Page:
Cognitive-Behavioural Therapy (CBT)

Cognitive-behavioural therapy, commonly known as CBT, is a therapy that is focused on the relationship between your thoughts, feelings and behaviours as a way to manage problems.

CBT is mainly used to address symptoms of anxiety and depression, however, the NICE guidelines recommend its use for a range of other difficulties. Unlike other talking therapies, CBT helps you to manage current problems, rather than issues from the past.

It is founded on the idea that our thoughts, feelings and behaviours are interconnected, and can be both the cause and solution to stressful situations. Sessions will typically involve breaking down these different aspects into smaller parts, by exploring repetitive thoughts, negative feelings and their impact on behaviour. The overall purpose of the therapy is to help support you and equip them with skills to break this cycle.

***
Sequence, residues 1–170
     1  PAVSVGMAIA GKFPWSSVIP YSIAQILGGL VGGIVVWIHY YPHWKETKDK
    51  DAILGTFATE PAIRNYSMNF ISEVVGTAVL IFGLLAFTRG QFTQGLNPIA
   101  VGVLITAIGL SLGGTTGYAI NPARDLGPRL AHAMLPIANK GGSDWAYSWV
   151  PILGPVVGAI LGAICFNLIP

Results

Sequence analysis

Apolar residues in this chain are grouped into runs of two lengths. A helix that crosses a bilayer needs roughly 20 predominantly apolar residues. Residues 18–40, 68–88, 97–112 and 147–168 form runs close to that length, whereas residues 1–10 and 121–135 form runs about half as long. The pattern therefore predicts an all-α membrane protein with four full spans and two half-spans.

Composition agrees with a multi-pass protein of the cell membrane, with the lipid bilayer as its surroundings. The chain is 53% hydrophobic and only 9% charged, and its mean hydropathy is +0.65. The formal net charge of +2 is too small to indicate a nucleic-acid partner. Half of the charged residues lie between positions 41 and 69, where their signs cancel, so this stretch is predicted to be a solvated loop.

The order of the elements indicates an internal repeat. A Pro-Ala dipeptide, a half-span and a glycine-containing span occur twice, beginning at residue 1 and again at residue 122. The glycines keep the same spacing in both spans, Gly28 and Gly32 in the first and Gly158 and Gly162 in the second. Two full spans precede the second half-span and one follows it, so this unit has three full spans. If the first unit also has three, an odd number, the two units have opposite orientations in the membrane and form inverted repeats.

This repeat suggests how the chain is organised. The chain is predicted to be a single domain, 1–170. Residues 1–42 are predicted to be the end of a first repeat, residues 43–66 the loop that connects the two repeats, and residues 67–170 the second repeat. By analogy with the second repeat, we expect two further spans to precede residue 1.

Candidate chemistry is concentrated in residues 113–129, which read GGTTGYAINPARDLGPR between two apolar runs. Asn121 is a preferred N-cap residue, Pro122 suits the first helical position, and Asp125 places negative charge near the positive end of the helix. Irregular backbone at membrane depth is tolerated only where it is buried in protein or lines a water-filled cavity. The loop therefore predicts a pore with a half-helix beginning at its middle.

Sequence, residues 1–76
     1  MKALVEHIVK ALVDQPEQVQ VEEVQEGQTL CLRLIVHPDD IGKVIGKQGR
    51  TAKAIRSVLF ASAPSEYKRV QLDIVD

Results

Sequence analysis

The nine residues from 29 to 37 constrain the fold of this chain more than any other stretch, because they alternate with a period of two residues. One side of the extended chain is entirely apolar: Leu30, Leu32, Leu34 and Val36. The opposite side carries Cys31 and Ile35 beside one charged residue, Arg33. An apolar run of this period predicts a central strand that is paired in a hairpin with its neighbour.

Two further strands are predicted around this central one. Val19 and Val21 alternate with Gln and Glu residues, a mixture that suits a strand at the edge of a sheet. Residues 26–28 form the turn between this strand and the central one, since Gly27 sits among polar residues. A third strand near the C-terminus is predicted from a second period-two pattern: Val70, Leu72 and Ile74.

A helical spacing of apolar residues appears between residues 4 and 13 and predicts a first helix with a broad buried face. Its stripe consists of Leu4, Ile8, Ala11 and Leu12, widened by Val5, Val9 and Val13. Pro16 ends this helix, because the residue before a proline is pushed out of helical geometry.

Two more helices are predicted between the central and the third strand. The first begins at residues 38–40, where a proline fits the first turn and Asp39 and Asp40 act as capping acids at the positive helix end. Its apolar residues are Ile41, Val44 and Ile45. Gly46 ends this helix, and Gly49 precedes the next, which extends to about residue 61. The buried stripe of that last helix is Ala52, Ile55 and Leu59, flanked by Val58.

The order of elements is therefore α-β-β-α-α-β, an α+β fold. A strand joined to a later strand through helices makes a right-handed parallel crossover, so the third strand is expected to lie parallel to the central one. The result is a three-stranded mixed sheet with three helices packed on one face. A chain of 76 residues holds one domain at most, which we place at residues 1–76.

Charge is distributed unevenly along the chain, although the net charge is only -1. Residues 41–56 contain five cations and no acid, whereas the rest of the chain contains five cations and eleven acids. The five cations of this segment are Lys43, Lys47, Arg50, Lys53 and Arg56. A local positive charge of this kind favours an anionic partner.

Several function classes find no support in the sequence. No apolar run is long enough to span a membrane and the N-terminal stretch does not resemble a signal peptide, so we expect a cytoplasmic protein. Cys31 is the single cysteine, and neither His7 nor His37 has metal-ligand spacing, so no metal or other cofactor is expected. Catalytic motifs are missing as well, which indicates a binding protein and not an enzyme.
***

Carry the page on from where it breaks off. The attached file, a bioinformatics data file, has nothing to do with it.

At CCATS, CBT principles are embedded within our practice across a range of settings and clients. We have staff experienced in the delivery of CBT interventions, including with children and young people in residential care, NHS patients and clients in the community.